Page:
[Crossref] [PubMed]

Bartal, G.

J. Valentine, S. Zhang, T. Zentgraf, E. Ulin-Avila, D. A. Genov, G. Bartal, and X. Zhang, “Three-dimensional optical metamaterial with a negative refractive index,” Nature 455(7211), 376–379 (2008).
[Crossref] [PubMed]

J. Yao, Z. Liu, Y. Liu, Y. Wang, C. Sun, G. Bartal, A. M. Stacy, and X. Zhang, “Optical negative refraction in bulk metamaterials of nanowires,” Science 321(5891), 930 (2008).
[Crossref] [PubMed]

Bhatia, S. N.

G. von Maltzahn, A. Centrone, J. H. Park, R. Ramanathan, M. J. Sailor, T. A. Hatton, and S. N. Bhatia, “SERS‐coded gold nanorods as a multifunctional platform for densely multiplexed near‐infrared imaging and photothermal heating,” Adv. Mater. 21(31), 3175–3180 (2009).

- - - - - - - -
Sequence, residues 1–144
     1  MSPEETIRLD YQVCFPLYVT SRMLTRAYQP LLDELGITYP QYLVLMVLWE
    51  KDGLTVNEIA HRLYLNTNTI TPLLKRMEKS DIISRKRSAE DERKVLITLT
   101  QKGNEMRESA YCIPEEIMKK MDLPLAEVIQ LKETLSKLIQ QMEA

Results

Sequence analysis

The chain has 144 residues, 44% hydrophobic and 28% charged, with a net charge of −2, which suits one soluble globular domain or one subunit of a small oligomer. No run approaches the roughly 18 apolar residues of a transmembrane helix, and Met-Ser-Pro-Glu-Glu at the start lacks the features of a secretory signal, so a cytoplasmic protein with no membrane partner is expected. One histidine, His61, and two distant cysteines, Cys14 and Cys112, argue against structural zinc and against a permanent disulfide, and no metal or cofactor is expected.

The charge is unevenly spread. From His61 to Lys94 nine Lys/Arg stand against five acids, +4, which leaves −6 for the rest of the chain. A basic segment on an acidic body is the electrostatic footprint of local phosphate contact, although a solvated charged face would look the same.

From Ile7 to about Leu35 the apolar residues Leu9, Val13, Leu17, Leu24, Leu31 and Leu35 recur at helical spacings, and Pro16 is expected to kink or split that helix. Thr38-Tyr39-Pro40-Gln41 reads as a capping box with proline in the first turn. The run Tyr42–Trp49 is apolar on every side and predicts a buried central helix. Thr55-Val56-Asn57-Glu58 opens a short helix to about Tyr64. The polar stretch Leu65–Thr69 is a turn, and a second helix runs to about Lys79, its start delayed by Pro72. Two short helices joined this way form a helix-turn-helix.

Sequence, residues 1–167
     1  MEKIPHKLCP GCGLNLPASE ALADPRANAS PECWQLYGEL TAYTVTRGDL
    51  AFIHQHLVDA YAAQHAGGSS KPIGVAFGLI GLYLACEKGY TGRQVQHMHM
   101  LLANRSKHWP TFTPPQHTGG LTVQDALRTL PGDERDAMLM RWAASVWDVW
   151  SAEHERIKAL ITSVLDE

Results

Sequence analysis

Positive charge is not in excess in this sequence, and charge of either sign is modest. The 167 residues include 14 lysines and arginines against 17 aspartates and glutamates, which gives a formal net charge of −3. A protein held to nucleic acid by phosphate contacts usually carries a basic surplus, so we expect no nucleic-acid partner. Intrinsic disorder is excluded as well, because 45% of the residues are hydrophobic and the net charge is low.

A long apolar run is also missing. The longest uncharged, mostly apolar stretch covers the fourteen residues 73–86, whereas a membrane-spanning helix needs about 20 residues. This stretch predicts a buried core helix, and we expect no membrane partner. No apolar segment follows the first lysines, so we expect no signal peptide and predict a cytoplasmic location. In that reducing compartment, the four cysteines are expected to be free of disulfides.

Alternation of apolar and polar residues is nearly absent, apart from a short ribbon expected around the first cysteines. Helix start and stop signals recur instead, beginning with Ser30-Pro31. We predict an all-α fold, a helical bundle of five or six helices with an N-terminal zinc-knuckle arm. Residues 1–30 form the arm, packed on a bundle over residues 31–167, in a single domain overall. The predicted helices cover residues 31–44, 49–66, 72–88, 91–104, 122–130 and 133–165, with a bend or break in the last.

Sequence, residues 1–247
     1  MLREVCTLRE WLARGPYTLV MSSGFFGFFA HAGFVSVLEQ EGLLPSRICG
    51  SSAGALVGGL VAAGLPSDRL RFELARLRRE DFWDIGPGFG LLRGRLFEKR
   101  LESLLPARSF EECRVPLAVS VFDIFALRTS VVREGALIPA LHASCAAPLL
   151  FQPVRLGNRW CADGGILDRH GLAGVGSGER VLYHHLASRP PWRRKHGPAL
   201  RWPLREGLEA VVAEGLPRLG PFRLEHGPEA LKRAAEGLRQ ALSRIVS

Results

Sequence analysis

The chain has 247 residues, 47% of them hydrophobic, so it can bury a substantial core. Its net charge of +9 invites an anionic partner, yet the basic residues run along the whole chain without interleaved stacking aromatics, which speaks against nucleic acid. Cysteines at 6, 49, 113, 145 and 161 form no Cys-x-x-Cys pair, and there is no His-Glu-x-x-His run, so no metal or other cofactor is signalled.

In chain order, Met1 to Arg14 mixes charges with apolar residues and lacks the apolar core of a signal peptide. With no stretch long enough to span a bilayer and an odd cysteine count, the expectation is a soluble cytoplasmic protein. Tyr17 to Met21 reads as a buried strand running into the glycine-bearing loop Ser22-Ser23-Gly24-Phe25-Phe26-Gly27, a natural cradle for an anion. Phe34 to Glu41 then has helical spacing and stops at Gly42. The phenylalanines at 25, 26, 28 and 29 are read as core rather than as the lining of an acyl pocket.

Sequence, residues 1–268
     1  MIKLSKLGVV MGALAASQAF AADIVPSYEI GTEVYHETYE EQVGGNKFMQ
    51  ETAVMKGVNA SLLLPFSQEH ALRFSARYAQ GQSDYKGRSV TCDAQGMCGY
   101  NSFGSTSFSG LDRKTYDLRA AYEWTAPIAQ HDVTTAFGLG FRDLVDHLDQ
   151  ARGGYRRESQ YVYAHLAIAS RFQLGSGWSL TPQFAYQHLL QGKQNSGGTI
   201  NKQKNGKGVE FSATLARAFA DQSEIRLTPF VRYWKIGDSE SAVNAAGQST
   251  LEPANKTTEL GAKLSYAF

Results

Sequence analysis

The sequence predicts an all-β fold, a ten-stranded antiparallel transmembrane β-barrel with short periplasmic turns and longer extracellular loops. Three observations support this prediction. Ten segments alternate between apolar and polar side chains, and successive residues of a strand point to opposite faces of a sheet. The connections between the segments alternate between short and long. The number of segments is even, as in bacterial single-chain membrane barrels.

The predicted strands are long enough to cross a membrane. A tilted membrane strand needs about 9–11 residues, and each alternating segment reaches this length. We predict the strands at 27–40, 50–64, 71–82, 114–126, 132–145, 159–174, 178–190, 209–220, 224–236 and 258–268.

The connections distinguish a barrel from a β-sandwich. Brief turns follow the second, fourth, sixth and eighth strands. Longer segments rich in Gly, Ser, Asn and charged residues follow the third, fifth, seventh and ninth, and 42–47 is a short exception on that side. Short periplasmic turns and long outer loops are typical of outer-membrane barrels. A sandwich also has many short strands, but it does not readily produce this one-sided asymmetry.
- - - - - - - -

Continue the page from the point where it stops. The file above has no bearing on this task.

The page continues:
[Crossref] [PubMed]

Bisoyi, H. K.

H. K. Bisoyi and S. Kumar, “Liquid-crystal nanoscience: an emerging avenue of soft self-assembly,” Chem. Soc. Rev. 40(1), 306–319 (2011).
[Crossref] [PubMed]

Blaber, M. G.

M. B. Ross, M. G. Blaber, and G. C. Schatz, “Using nanoscale and mesoscale anisotropy to engineer the optical response of three-dimensional plasmonic metamaterials,” Nat. Commun. 5, 4090 (2014).
[Crossref] [PubMed]

Brasselet, E.

E. Brasselet, N. Murazawa, H. Misawa, and S. Juodkazis, “Optical vortices from liquid crystal droplets,” Phys. Rev. Lett. 103(10), 103903 (2009).
[Crossref] [PubMed]

Carnie, S.

J. Pérez Juste, L. M. Liz Marzan, S. Carnie, D. Y. C. Chan, and P. Mulvaney, “Electric‐field‐directed growth of gold nanorods in aqueous surfactant solutions,” Adv. Funct. Mater. 14(6), 571–579 (2004).
[Crossref]

Centrone, A.